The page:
sábado, 5 de fevereiro de 2011

Gerry Hegie, comandante do "City of Cape Town", elogia a atuação dos brasileiros na tripulação.

Barco "City of Cape Town", campeão da regata Cape Town Rio. Fonte: Africa Geographic

Heineken Cape to Rio : Long haul to the podium for Gerry Hegie

Sunday, 06 February 2011

Winning the South Atlantic Race has long been a dream for Gerry Hegie, the skipper of City of Cape Town. Gerry has sailed in the race three times, twice as skipper. In the 2009 race he skippered a crack 30-footer, but broken rudders foiled that attempt. This time his preparation was intense.

When ocean racer "JJ" Provoyeur offered the use of his 41-foot boat, Gerry and his sailing mates spent a month of 12-hour days sanding the hull and keel and rudder to a satin finish, taking weight out of the boat, and overhauling all the systems, steering, electrical, rigging, the works.

Hegie, who works with his father as a diver scrubbing weed off yacht hulls, is not afraid of hard work. "I think this race is about 90% preparation of the boat."

"We took the boat apart, we didn't want any gear failures, and we needed to be able to push the boat hard." Even when past the half-way mark at one point City of Cape Town was just 27-miles behind Prodigy, a hi-tech yacht nearly 13-foot longer.

Provoyeur himself reckons the boat has never been in better shape. "The guys did all the things that I had never had the time and energy to do. Gerry is sailing an amazing race, he has a very mature approach." How did he manage to read the weather so well? "I spent over a month looking at the weather files, looking at the best routes, seeing how actual weather had matched forecasts."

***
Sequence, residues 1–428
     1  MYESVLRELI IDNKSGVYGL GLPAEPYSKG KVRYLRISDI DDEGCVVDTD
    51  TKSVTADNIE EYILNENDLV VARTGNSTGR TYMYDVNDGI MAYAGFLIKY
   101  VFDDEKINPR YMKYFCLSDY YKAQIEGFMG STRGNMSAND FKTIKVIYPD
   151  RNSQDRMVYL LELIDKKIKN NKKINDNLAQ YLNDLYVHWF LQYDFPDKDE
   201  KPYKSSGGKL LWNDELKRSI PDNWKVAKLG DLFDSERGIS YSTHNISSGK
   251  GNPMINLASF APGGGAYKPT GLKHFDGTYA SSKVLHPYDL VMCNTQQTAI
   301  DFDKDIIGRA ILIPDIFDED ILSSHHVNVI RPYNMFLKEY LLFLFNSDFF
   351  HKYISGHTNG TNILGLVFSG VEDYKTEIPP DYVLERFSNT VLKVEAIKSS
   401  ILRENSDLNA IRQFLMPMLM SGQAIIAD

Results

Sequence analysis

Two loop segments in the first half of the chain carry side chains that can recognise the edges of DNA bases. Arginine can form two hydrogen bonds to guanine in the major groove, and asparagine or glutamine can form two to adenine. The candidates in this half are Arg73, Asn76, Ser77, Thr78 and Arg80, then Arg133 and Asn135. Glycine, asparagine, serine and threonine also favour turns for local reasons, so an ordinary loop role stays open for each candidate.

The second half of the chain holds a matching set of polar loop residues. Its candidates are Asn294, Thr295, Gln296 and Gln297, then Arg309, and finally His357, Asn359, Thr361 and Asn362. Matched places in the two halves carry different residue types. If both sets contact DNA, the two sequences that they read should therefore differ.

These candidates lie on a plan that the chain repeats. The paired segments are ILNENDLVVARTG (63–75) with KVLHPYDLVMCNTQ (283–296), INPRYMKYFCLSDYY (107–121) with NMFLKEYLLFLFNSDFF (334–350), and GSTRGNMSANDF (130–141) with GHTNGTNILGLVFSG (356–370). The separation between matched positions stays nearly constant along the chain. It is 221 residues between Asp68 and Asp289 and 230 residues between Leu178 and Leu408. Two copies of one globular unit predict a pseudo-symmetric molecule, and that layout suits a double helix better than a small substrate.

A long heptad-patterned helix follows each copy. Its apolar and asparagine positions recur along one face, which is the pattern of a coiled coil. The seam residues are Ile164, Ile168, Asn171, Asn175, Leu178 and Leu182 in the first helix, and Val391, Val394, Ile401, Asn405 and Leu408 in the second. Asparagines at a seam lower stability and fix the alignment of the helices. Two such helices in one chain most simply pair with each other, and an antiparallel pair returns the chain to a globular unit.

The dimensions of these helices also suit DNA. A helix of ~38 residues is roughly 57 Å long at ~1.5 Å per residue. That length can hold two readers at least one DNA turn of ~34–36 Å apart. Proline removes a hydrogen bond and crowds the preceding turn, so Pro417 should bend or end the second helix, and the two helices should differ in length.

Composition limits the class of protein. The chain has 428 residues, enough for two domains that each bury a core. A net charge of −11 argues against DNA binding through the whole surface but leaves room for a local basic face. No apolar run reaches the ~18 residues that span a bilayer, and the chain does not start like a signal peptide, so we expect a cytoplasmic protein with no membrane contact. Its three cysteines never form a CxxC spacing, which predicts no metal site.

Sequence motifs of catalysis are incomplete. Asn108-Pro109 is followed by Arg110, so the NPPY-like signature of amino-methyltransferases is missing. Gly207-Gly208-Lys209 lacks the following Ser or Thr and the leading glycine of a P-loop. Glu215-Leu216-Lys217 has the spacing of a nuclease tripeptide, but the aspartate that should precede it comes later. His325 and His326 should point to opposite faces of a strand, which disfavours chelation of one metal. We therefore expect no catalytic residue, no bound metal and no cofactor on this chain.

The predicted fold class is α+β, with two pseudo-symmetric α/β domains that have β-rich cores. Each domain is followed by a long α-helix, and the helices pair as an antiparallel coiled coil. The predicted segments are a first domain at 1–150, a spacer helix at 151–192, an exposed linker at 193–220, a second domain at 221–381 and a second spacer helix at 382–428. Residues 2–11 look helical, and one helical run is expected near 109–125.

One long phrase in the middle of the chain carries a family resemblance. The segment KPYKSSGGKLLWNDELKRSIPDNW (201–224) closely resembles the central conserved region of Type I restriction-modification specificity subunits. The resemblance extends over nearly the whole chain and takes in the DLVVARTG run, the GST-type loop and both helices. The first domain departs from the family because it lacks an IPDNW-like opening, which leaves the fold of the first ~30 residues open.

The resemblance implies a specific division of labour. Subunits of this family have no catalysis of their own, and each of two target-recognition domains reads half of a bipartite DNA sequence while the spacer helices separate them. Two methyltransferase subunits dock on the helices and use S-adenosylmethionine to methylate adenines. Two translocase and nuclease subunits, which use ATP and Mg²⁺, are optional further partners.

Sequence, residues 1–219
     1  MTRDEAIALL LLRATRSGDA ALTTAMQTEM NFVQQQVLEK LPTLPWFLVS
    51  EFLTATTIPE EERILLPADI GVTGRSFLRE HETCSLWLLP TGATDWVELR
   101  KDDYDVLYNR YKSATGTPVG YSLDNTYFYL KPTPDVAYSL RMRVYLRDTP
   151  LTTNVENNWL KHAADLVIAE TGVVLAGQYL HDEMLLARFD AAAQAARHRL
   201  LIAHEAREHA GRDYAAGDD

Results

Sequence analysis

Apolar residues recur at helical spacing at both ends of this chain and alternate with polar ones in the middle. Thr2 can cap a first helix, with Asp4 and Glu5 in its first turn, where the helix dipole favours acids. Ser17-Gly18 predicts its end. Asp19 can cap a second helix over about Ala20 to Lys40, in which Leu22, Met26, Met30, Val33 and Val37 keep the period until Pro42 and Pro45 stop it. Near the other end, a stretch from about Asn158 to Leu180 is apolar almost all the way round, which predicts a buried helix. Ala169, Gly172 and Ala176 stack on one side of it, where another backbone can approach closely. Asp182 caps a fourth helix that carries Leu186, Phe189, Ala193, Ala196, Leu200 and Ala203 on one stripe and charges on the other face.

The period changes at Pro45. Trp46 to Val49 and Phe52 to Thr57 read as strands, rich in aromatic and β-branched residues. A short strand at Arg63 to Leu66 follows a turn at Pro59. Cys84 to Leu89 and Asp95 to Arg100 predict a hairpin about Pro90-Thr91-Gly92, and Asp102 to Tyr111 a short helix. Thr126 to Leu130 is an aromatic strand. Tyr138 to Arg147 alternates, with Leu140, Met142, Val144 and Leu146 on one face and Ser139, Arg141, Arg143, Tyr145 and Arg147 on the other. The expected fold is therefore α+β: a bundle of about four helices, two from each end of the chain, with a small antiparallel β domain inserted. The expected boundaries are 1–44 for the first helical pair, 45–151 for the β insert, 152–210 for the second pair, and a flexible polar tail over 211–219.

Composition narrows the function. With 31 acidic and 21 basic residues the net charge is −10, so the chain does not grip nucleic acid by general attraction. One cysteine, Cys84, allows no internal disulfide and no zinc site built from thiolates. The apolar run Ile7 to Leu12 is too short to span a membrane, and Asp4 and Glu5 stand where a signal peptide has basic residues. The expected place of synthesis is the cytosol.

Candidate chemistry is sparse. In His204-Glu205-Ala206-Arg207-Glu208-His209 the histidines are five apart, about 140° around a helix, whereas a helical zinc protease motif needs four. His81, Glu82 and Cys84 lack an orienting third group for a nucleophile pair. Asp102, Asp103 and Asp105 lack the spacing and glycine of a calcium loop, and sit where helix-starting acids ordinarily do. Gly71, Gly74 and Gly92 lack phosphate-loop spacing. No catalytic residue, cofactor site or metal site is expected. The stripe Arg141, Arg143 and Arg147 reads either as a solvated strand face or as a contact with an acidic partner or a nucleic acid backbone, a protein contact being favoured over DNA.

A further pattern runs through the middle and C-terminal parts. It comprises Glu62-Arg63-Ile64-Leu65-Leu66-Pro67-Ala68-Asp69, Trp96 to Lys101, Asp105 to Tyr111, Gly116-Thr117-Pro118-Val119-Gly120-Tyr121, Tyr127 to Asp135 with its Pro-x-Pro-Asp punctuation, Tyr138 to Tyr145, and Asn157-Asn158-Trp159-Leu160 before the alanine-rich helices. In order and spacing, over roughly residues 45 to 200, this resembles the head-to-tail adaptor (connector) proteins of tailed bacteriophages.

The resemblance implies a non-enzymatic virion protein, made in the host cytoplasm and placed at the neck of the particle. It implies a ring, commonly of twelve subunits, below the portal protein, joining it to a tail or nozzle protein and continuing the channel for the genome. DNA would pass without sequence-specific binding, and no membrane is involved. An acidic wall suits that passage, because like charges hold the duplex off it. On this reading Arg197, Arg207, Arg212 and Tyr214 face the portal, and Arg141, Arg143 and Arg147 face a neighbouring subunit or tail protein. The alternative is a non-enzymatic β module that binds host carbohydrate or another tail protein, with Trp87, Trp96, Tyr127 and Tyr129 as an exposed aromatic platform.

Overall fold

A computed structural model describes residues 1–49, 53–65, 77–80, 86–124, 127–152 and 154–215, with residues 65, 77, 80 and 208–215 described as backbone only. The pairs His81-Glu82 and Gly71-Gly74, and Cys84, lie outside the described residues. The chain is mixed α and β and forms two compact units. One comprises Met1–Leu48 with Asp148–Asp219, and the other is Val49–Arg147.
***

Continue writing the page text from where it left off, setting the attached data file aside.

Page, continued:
An added responsibility was to take on four crew members from Project Grael, an initiative similar to Izivunguvungu which helps youngsters from impoverished backgrounds through sailing. Only one of them, team leader Samuel Goncalves, spoke English.

Sensibly Gerry divided the crew into South African and Brazilian watches, and set them to competing which of the two could do the best mileage. "Sam and I shared the helm in the tougher stuff, and the other guys in the lighter airs."

"But they are all very good sailors, Alex (Alex Sandro Mattos) as bowman was superb. He was out on the end of the pole every time we did a sail change, unclipping the old kite, and clipping in the new."

"We were always peeling (changing) sails to keep on the pace. It was hard work, but we never had a bad word, no conflict at all, " says Hegie, then grins. "Except when I stamped my foot when the changes were too slow."

But even the best-laid plans can go astray, especially at sea. About 1000-miles from Rio th solenoid on the starter motor failed. That meant no engine to charge the batteries, and no power for the water-maker.

"But we had some water in hand, and emergency supplies in the bilges. I briefed the guys, and we limited ourselves to 250 ml in the morning and again at night. They were all very disciplined."

Gerry Hegie lost 15 kg in body-weight, and the others all looked leaner. After sitting in calms for three hours, when City of Cape Town crossed the line near under Sugarloaf, their was a chorus of vuvuzelas, and cheers and shouts from the families and supporters of the Brazilian crew, and the jostle of media and TV crew. It was an emotional moment.

"Yes, it was worth it just for that. It was a great moment, I had a great team." says Hegie.

Alex Petersen

Fonte: BYM Sailing and Sports News

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